Last edited by lux on Sun May 11, 2014 9:00 pm, edited 2 times in total.

Oddfellow
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Re: The 'cold' of space and our Universe that isn't

Unread post by Oddfellow » Sun May 11, 2014 8:55 pm

Perhaps the exact same force that causes the earth to rotate causes the atmosphere to rotate as well?

scud
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Re: The 'cold' of space and our Universe that isn't

Unread post by scud » Sun May 11, 2014 8:57 pm

Seneca:
Do you mean the centripetal force?
It think it cannot be demonstrated because it is supposed to be exactly in the opposite direction from gravity, and like gravity, proportional to the mass of the object it is effecting.
This is very convenient, they can choose whatever rotation speed they want and adjust the force of gravity accordingly.
Nah. From both poles to the equator a ‘mass’ should weigh less. Remember, the crew aboard the ISS are ‘weightless’ not because they are so far from Earth that gravity no longer has an effect, but because the ‘centrifugal force’ exerted upon them by way of rotation around Earth counter-acts gravity perfectly. So by this definition of ‘orbit’ mass should be negated some 0.3% at Earth’s equator over its southerly and northerly extremities yet no such discrepancy is acknowledged to exist.

Think of the Olympic games. Much is made of ‘headwinds’ and ‘altitude’ to level the playing field as it were, yet none is made as to the ‘latitude’ of event. If Earth is spinning as we’re told it is, then sprinters, high jumpers, shot putters etc should all be advantaged the closer to the equator they can be and vice versa by a very particular and straight forward calculation...yet this is most certainly not registered as a factor concerning ‘records’.

Contradictorily, were told in no uncertain terms that Earth possess an ‘equatorial bulge’... http://en.wikipedia.org/wiki/Equatorial_bulge a raising of the oceans on and around the equator. Obviously a recognition that a spinning Earth must have more counter-gravity effects at the equator than at the poles....yet if I took 1 Kg of gold from Ecuador and plonked it on the scales in Oslo, my guess is that it would still weigh exactly the same.

lux
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Re: The 'cold' of space and our Universe that isn't

Unread post by lux » Sun May 11, 2014 9:11 pm

scud wrote: ... if I took 1 Kg of gold from Ecuador and plonked it on the scales in Oslo, my guess is that it would still weigh exactly the same.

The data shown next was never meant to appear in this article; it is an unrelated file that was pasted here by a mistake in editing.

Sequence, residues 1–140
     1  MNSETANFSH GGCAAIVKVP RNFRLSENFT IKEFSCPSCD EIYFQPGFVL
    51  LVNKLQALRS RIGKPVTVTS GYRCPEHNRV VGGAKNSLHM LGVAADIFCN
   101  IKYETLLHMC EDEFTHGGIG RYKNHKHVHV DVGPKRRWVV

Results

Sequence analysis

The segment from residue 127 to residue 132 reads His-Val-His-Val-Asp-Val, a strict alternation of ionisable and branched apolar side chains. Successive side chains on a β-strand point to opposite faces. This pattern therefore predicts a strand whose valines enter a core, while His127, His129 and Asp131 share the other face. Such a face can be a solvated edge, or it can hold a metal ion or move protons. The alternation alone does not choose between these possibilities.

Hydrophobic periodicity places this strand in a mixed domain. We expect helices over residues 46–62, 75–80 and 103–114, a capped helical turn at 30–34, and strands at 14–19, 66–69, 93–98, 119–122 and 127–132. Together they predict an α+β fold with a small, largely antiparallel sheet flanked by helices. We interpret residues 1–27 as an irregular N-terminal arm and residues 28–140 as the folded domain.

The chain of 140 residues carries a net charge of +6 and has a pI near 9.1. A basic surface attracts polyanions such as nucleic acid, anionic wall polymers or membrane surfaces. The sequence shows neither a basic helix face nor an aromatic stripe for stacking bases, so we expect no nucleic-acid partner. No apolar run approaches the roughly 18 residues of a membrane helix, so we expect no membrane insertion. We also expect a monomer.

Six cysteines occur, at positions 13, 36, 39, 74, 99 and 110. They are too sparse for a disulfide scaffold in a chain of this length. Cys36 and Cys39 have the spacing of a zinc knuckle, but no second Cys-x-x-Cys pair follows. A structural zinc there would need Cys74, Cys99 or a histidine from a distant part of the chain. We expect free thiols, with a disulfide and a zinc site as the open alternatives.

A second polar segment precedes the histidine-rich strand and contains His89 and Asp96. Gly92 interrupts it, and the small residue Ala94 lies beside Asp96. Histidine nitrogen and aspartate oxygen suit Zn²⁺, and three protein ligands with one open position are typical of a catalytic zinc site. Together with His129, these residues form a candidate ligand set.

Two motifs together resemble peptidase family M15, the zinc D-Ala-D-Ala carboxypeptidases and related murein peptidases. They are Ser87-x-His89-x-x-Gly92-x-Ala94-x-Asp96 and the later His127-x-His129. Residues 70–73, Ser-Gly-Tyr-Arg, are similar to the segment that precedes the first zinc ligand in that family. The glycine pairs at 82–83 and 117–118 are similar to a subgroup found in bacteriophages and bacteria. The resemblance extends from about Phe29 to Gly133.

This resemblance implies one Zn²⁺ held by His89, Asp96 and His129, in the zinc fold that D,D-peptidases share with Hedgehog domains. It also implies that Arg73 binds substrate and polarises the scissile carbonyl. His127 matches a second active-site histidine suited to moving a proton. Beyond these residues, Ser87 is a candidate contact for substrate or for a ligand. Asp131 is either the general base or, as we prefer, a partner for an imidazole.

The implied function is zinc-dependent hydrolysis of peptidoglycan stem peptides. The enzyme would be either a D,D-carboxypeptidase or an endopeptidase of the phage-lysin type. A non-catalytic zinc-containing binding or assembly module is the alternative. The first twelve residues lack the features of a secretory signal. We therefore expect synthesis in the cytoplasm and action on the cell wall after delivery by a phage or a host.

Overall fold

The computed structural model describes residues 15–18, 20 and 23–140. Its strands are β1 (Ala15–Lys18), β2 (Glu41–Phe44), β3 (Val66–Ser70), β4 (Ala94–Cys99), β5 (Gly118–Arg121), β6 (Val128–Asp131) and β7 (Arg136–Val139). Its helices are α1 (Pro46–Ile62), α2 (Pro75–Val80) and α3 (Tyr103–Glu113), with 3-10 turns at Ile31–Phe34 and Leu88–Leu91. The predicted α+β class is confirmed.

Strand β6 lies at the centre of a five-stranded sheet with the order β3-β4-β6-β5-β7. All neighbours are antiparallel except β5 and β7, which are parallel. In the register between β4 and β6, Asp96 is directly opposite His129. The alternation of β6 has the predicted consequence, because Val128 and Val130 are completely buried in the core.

According to this Cornell reference (which I'm not saying I agree or disagree with) your kilo of gold would weigh 5 grams more at the poles than at the equator. At today's rate I put that at about a $200 difference. Not worth the airfare I guess. :)

hoi.polloi
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Re: The 'cold' of space and our Universe that isn't

Unread post by hoi.polloi » Sun May 11, 2014 10:53 pm

Mm. And to me it's not just the weight but the direction of the force, which would be more leaning and sideways the closer to a pole you got. The most significant strangeness should be at 45 degrees from the equator. I happen to live on the 45th parallel myself, and I've spent over 20 years of my life here, and yet I do not instinctively lean to the North to compensate for anything. Top-heavy objects with very low friction do not automatically begin tipping South, and wheels do not roll faster South, no matter how much winter birds in camper vans would save on gas. This is an issue for the argument of conventional Newtonian physics for the Earth. I urge people to please go back in this thread and read my calculations and try to understand what we've been saying. I am not saying I know the answer or that the world must inherently be a pancake riding on the back of an echidna. I'm just saying it's definitely worth considering, especially if it would simplify the glutinous air logistics. Not saying understanding it all is simple, either.

Seneca
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Re: The 'cold' of space and our Universe that isn't

Unread post by Seneca » Mon May 12, 2014 8:59 am

scud wrote:Seneca:
Do you mean the centripetal force?
It think it cannot be demonstrated because it is supposed to be exactly in the opposite direction from gravity, and like gravity, proportional to the mass of the object it is effecting.
This is very convenient, they can choose whatever rotation speed they want and adjust the force of gravity accordingly.
Nah. From both poles to the equator a ‘mass’ should weigh less. Remember, the crew aboard the ISS are ‘weightless’ not because they are so far from Earth that gravity no longer has an effect, but because the ‘centrifugal force’ exerted upon them by way of rotation around Earth counter-acts gravity perfectly. So by this definition of ‘orbit’ mass should be negated some 0.3% at Earth’s equator over its southerly and northerly extremities yet no such discrepancy is acknowledged to exist.

Think of the Olympic games. Much is made of ‘headwinds’ and ‘altitude’ to level the playing field as it were, yet none is made as to the ‘latitude’ of event. If Earth is spinning as we’re told it is, then sprinters, high jumpers, shot putters etc should all be advantaged the closer to the equator they can be and vice versa by a very particular and straight forward calculation...yet this is most certainly not registered as a factor concerning ‘records’.

Contradictorily, were told in no uncertain terms that Earth possess an ‘equatorial bulge’... http://en.wikipedia.org/wiki/Equatorial_bulge a raising of the oceans on and around the equator. Obviously a recognition that a spinning Earth must have more counter-gravity effects at the equator than at the poles....yet if I took 1 Kg of gold from Ecuador and plonked it on the scales in Oslo, my guess is that it would still weigh exactly the same.